London has been identified as one of a number of ‘bubble risk cities’ in a report by Swiss bank UBS.
In a report prepared by the bank’s Global Wealth Management's Chief Investment Office, 20 major financial centres around the world have a spotlight put on them.
Hong Kong faces the greatest risk of a bubble followed by Munich, Toronto, Vancouver, Amsterdam and London. By contrast it says property markets in Boston, Singapore and Milan seem fairly valued while Chicago is undervalued.
The UBS measures for London's ‘bubble vulnerability’ actually declined this year compared to last, but the UK capital remains in the risk zone.
“Inflation-adjusted prices are more than 10 per cent higher than in 2007. House prices have lagged the British average, dropping five per cent in inflation-adjusted terms since mid 2017, but housing remains unaffordable for Londoners” warns the bank.
“Buying a 650 square foot flat near the city centre costs 15 average annual incomes for skilled service workers, and inflation continues to erode residents' purchasing power” it continues.
“The prime segment has been hurt by higher stamp duties for luxury and buy-to-let. However, from the perspective of foreign investors, house prices have already fallen 10 per cent in US dollar terms since 2015, making them more attractive. We expect prices to stabilize although we still advise caution given high market valuations and uncertainty over political factors like Brexit.”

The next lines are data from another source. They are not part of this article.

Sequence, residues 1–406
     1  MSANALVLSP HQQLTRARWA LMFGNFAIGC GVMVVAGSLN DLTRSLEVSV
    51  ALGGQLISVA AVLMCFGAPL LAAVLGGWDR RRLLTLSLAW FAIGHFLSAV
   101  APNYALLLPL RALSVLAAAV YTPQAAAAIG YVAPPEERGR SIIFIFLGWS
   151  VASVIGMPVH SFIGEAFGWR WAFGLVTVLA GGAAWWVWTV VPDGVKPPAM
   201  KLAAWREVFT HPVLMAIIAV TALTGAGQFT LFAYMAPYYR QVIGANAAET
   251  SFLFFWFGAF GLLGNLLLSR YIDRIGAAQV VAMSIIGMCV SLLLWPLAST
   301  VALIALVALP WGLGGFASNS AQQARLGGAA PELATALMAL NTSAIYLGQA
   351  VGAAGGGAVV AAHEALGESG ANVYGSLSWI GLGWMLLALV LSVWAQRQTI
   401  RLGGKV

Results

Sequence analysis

But there is some optimistic news from the survey.
UBS says that in contrast to the boom of the mid-2000s, no global evidence of simultaneous excesses in lending and construction exists. Outstanding mortgage volumes are growing half as fast as in the run-up to the 2008 financial crisis, limiting economic damage from any price correction in the coming years.
"Although many financial centers remain at risk of a housing bubble, we should not compare today's situation with pre-crisis conditions" says Mark Haefele, chief investment officer at UBS Global Wealth Management. "Nevertheless, investors should remain selective within housing markets in bubble risk territory such as Hong Kong, Toronto, and London."